- Lossless compression involves compressing data by reducing file sizes without removing content or information. Lossless compression works by removing redundancies (the same data pieces held in multiple places within the storage environment, such as your computer or an optical disk).
- Lossy compression involves data compression that loses some information. In most cases, this may not be noticeable at first.
However, if the same file is compressed again and again, the loss of quality could become noticeable. Although lossy compression allows for a higher rate of data compression, data cannot be recovered or reconstructed in the exact format as before compression.
Extracting and zipping ISO Files using WinZip Enterprise
Since ISO files can be fairly large, it may be in your business’s best interest to zip them before storing or sharing them. This will increase transfer speeds and decrease storage used.
Zipping an ISO file with WinZip Enterprise
To zip an ISO file using WinZip Enterprise, follow these steps:
- Right-click on the ISO file.
- Click “Send to” and choose “Compressed (zipped) folder.”
- Open the Start menu. On the right-hand side of the window, click “Computer.”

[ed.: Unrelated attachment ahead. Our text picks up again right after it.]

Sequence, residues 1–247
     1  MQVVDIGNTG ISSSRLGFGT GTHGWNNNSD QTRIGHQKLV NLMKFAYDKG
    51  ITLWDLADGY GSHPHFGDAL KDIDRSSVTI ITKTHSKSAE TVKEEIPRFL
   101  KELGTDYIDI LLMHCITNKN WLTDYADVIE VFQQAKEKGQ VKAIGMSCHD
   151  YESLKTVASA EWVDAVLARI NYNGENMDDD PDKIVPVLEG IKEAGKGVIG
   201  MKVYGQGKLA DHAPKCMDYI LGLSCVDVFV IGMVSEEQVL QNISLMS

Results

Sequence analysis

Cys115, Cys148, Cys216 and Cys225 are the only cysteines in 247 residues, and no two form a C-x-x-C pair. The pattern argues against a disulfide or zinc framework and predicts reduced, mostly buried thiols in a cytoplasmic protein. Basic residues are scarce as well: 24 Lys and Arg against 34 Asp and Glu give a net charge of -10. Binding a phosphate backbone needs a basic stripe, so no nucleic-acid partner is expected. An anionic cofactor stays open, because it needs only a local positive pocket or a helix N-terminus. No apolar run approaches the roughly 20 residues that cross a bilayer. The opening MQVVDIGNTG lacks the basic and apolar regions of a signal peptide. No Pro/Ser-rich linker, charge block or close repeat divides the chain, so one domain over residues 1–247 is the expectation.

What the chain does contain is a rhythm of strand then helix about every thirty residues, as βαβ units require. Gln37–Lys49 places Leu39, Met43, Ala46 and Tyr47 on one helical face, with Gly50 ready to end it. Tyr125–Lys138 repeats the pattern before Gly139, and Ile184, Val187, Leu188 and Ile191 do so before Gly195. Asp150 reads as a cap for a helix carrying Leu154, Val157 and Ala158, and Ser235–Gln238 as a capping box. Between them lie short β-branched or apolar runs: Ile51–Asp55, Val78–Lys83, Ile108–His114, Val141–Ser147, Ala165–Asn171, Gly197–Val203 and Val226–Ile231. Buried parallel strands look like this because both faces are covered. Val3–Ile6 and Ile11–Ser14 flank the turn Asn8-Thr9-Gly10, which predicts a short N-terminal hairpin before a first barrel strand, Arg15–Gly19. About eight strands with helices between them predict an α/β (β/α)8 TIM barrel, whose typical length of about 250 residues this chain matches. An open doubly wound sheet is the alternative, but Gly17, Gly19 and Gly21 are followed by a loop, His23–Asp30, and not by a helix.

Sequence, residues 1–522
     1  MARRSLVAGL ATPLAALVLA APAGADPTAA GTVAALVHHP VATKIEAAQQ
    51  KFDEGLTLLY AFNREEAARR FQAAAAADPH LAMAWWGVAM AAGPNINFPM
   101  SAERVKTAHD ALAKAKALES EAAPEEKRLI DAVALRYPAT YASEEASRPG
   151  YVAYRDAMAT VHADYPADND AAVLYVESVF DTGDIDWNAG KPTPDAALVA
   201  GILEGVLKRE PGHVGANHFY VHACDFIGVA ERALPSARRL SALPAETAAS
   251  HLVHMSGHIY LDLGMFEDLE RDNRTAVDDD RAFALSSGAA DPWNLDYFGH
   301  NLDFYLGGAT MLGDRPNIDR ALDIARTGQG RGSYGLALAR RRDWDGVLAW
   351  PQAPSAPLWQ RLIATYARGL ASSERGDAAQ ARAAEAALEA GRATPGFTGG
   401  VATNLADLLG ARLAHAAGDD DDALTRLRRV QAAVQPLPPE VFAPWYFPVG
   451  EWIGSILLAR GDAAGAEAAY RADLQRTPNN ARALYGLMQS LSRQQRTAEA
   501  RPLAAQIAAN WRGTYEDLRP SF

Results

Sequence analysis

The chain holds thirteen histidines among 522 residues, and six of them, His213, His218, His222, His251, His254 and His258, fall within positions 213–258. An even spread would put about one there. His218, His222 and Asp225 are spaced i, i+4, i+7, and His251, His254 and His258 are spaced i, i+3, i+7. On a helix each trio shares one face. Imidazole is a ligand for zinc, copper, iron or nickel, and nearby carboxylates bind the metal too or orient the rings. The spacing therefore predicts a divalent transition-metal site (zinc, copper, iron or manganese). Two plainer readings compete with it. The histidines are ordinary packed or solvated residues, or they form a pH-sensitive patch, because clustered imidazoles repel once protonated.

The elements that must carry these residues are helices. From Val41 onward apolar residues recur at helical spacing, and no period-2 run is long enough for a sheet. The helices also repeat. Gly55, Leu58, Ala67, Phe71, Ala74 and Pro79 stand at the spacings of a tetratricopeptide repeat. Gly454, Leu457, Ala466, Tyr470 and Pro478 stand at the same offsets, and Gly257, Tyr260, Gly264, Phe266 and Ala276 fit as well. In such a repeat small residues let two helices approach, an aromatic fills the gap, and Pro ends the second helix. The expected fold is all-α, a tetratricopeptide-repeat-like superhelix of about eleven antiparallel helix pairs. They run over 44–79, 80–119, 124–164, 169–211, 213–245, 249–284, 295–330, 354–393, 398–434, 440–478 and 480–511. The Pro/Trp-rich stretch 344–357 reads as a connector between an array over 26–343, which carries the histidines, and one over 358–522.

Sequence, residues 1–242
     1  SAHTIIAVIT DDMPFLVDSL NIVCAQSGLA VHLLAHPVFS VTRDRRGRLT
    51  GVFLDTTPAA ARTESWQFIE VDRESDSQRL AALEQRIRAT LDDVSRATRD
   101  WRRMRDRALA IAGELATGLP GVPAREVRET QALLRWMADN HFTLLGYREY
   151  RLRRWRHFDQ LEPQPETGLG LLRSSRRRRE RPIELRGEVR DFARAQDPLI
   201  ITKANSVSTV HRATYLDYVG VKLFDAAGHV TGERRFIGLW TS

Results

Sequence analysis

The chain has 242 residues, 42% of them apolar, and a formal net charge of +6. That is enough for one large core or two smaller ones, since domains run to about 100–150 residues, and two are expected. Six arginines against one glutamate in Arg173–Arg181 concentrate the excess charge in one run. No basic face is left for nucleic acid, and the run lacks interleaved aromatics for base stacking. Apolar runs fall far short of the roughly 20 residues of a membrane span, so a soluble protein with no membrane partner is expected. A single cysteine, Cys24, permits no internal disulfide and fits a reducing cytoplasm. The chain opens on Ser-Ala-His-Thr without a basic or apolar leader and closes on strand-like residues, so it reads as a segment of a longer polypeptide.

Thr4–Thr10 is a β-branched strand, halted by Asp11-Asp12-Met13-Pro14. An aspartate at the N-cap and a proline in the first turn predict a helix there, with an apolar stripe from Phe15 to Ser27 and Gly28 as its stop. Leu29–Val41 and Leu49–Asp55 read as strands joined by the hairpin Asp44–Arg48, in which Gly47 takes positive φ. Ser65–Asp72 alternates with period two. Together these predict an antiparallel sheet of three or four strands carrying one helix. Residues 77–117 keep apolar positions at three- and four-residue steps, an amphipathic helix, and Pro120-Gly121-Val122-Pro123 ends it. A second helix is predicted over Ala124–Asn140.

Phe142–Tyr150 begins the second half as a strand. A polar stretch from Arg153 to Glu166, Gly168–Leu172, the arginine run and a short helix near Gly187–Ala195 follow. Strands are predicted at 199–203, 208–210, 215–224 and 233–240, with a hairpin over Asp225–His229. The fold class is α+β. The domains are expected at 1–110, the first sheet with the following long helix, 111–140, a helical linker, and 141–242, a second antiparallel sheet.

- Locate the ISO file you wish to zip.
- Right-click on this ISO file, then click “Send to.”
- Choose “Compressed (zipped) folder.” Note: since ISO files are often several hundred megabytes, this process may take a few minutes.
- Once the zipped ISO file has been compressed, enter a name for the file.
Extracting an ISO File with WinZip Enterprise
WinZip Enterprise extracts the ISO content and places it on the user’s hard drive. It enables you to extract ISO files on Windows 7, Windows 8, and Windows 10.
The ISO extraction process will create copies of all the installation files in a folder on your hard drive. You can then browse through these files just as you would any other folder located on your computer.
To extract an ISO file using WinZip Enterprise, follow these steps:
- Locate the ISO file you want to extract. Download this file to your computer, and then locate it in your “Downloads” folder (or wherever else you store downloaded files on your computer).
- Launch WinZip Enterprise. To open the compressed file, you must first launch WinZip, and then click on “File > Open.”
- Select files. WinZip Enterprise allows you to select the files or directories you wish to extract, or select all files. To select specific files or directories, hold down the Control key, then click on the files you wish to extract.
- Extract ISO files. From the drop-down list, select a destination folder to place your unpacked files.
From storing and zipping to extracting ISO files, WinZip Enterprise provides the tools needed to utilize ISO files for secure data sharing and storage.